Richard Arnstein: The Evolving Man at Macy’s

by Harry Sheff

With a major redesign of the Herald Square store and a successful Ryan Seacrest launch, Macy’s men’s GMM Richard Arnstein has a lot to be excited about.

Richard Arnstein-2014Richard Arnstein, a 35-year veteran of the retail business, has been the GMM of men’s and kids at Macy’s for just over four years. When we interviewed him in his spacious office overlooking 34th Street, he alternated between measured excitement about retail’s present and thoughtful musings about its future. He’s eager to talk about the renovations at the Herald Square store, and of course about the Ryan Seacrest tailored clothing and furnishings collection.

Herald Square is such a big store that it’s almost like a separate business—Arnstein calls it “the face of the company”—and once the construction is done, menswear will have picked up two full floors. “We’re probably one of the biggest men’s stores in the world, covering seven floors. We’ll have three floors of sportswear: a denim-based floor (the third); more of a classic traditional floor (floor two) with Polo, Tommy Hilfiger, Nautica, Lacoste and Tommy Bahama; and what we call floor one-and-a-half will become our modern contemporary floor, featuring Hugo Boss, Calvin Klein and other vendors.”

And that assortment is growing, Arnstein says. “We’re expanding our resource structure here. We’re bringing in a lot of new on each floor. Our goal is to give customers an experience beyond their expectations: to give them choices, to give them the brands they want. We will offer the biggest and best assortments probably in every single classification, and that’s in one store. We want to be brand builders.”

He cites the fact that his team was given the green light to pursue the exclusive Ryan Seacrest launch as an example of how Terry Lundgren empowers his people. More importantly though, Seacrest himself has become an important partner for the Macy’s men’s team. “He’s really into it! We don’t view Ryan as just a celebrity. We see him as a curator of fashion advice. We’ve been trying to get him to wear double-breasted suits—he could take the trend and single-handedly make it into an item! He wears his blue tuxedo jacket, and it’s selling. In essence, we’ve created a spokesperson for a classification that previously had no face to it.”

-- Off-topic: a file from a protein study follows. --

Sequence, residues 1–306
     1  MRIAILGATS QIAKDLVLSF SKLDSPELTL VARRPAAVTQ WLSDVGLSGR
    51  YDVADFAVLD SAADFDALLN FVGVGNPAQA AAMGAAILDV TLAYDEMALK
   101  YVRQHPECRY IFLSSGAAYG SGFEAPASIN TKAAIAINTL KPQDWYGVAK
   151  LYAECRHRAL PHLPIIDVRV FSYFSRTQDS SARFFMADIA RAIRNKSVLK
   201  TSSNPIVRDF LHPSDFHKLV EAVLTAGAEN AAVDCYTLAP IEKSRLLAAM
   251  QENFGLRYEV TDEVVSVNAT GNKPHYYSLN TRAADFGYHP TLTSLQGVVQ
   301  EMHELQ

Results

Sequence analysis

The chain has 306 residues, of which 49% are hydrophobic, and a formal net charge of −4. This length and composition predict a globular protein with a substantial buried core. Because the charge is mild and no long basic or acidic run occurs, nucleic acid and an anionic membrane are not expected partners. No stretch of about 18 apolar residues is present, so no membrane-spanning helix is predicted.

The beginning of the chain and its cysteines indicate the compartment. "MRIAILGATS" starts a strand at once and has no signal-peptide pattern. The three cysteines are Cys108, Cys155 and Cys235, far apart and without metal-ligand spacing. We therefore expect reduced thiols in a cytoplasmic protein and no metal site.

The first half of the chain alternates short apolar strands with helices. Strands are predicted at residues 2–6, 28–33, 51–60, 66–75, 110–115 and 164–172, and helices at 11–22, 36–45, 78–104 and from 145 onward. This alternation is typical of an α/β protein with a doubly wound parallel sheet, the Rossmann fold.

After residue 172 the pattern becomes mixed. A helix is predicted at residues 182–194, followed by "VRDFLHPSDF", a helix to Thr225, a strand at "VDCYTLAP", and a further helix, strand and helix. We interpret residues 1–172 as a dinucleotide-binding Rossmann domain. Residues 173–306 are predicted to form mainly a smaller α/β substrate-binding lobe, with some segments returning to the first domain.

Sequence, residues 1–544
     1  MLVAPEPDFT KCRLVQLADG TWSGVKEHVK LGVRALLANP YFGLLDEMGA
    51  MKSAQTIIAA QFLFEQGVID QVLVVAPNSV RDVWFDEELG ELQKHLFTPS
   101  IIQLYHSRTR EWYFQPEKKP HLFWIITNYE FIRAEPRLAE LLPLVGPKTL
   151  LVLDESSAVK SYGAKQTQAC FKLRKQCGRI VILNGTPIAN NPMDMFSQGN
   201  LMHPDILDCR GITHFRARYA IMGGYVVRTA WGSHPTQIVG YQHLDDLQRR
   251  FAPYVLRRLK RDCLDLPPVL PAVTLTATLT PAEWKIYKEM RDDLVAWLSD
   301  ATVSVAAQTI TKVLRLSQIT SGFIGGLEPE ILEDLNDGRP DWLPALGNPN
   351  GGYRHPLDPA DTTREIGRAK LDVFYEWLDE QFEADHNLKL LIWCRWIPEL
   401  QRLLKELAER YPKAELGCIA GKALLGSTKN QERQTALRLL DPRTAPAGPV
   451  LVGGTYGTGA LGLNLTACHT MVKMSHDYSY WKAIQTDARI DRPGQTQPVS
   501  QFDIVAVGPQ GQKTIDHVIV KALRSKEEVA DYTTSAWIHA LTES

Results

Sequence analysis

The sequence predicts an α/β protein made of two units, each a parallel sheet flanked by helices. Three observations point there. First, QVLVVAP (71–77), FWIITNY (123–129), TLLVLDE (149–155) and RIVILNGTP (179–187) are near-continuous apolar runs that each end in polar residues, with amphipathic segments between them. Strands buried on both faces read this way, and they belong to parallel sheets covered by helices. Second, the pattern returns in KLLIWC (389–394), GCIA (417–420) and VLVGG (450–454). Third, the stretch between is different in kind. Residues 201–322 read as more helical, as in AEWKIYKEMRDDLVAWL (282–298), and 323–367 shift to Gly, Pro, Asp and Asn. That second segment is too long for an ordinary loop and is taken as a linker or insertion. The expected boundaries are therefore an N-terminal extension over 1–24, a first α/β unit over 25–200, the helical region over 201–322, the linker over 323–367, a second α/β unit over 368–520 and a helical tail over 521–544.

Seacrest was a savvy choice for such a partnership, and Arnstein graciously acknowledges Randa, the company that came up with the idea, and his menswear team for recognizing its potential and making it a big deal. “We did a study and Ryan Seacrest scored off the charts with women. He also scored pretty high with men—most guys really like him! So he’s attracting both the male and female customer. And he did well across the country—not just in major cities. We’re already expanding neckwear in additional doors for holiday.”

Arnstein is excited about the role of performance across the men’s business. “Performance is the thread throughout many categories. It goes beyond the technical aspects, which might be helping the active business. You think about stretch in pants, non-iron dress shirts, performance features that you see in golf—that’s what’s driving newness in the men’s business. I think that the menswear business went through a phase where fit was the primary driver. But everyone has exploited the fit equation, so we’re probably at the right balance of who’s buying the right fit. I think performance is the next evolution of fit.”

Asked if he worries about competition from retailers like Men’s Wearhouse, Arnstein laughs. “Everyone is competition today! To call out Men’s Wearhouse? Absolutely. But customers can find anything they want at any time of the day, and they’ll probably find it at different prices. So not to understand your competition, whether it’s in the mall, online, in an off-price store—wherever it is—is a big mistake. It’s all a game of market share.”

Looking to the future, Arnstein hammers home the well-publicized omni-channel initiatives Macy’s has launched, like buy online pick up in-store, and the use of stores as fulfillment/shipping centers for online purchases. “We’re testing ideas in the stores and how we look at inventory and how we understand where demand is coming from,” he says. “You have to put the customers and how they shop at the center of all decisions; the market is changing and evolving very quickly.”

In the near term, Arnstein is optimistic for holiday 2014. “I think there’s a good balance of newness in trends and brands with key items. We are well-positioned for the holidays. And as a retailer, how could you not be optimistic?”